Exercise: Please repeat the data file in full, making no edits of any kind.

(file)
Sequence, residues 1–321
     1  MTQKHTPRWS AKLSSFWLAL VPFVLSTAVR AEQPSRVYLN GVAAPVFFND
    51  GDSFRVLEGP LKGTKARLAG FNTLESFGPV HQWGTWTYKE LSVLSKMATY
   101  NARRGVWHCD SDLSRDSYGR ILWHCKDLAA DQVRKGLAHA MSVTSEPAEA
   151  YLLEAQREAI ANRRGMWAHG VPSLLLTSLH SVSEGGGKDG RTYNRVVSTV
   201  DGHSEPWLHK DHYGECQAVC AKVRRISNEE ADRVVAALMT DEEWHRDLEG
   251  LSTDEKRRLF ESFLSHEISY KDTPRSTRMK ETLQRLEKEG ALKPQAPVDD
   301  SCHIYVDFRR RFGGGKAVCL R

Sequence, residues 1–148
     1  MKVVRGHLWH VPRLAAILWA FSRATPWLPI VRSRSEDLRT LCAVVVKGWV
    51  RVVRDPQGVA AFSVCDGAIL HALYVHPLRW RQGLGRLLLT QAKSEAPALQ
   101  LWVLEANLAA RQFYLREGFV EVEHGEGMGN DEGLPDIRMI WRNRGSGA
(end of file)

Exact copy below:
Sequence, residues 1–321
     1  MTQKHTPRWS AKLSSFWLAL VPFVLSTAVR AEQPSRVYLN GVAAPVFFND
    51  GDSFRVLEGP LKGTKARLAG FNTLESFGPV HQWGTWTYKE LSVLSKMATY
   101  NARRGVWHCD SDLSRDSYGR ILWHCKDLAA DQVRKGLAHA MSVTSEPAEA
   151  YLLEAQREAI ANRRGMWAHG VPSLLLTSLH SVSEGGGKDG RTYNRVVSTV
   201  DGHSEPWLHK DHYGECQAVC AKVRRISNEE ADRVVAALMT DEEWHRDLEG
   251  LSTDEKRRLF ESFLSHEISY KDTPRSTRMK ETLQRLEKEG ALKPQAPVDD
   301  SCHIYVDFRR RFGGGKAVCL R

Sequence, residues 1–148
     1  MKVVRGHLWH VPRLAAILWA FSRATPWLPI VRSRSEDLRT LCAVVVKGWV
    51  RVVRDPQGVA AFSVCDGAIL HALYVHPLRW RQGLGRLLLT QAKSEAPALQ
   101  LWVLEANLAA RQFYLREGFV EVEHGEGMGN DEGLPDIRMI WRNRGSGA